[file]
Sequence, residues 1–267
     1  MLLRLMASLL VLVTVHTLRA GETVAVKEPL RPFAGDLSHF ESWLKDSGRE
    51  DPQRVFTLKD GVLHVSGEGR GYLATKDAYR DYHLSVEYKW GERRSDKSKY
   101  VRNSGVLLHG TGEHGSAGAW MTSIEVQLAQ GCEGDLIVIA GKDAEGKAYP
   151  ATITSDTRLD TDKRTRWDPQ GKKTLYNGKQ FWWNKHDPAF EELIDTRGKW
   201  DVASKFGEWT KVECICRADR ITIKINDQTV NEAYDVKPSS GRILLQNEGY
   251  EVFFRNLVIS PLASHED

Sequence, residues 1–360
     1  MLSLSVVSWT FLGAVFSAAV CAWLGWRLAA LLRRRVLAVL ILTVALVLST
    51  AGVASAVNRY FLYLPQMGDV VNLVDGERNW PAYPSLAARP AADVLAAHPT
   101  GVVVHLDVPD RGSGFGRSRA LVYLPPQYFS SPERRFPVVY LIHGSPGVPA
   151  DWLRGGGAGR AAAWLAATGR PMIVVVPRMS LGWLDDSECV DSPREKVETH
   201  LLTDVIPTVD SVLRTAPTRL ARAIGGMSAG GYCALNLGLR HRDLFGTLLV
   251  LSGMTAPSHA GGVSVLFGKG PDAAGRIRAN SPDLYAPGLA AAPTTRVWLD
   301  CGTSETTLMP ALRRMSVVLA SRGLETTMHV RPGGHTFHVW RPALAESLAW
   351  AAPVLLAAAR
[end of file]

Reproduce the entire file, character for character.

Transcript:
Sequence, residues 1–267
     1  MLLRLMASLL VLVTVHTLRA GETVAVKEPL RPFAGDLSHF ESWLKDSGRE
    51  DPQRVFTLKD GVLHVSGEGR GYLATKDAYR DYHLSVEYKW GERRSDKSKY
   101  VRNSGVLLHG TGEHGSAGAW MTSIEVQLAQ GCEGDLIVIA GKDAEGKAYP
   151  ATITSDTRLD TDKRTRWDPQ GKKTLYNGKQ FWWNKHDPAF EELIDTRGKW
   201  DVASKFGEWT KVECICRADR ITIKINDQTV NEAYDVKPSS GRILLQNEGY
   251  EVFFRNLVIS PLASHED

Sequence, residues 1–360
     1  MLSLSVVSWT FLGAVFSAAV CAWLGWRLAA LLRRRVLAVL ILTVALVLST
    51  AGVASAVNRY FLYLPQMGDV VNLVDGERNW PAYPSLAARP AADVLAAHPT
   101  GVVVHLDVPD RGSGFGRSRA LVYLPPQYFS SPERRFPVVY LIHGSPGVPA
   151  DWLRGGGAGR AAAWLAATGR PMIVVVPRMS LGWLDDSECV DSPREKVETH
   201  LLTDVIPTVD SVLRTAPTRL ARAIGGMSAG GYCALNLGLR HRDLFGTLLV
   251  LSGMTAPSHA GGVSVLFGKG PDAAGRIRAN SPDLYAPGLA AAPTTRVWLD
   301  CGTSETTLMP ALRRMSVVLA SRGLETTMHV RPGGHTFHVW RPALAESLAW
   351  AAPVLLAAAR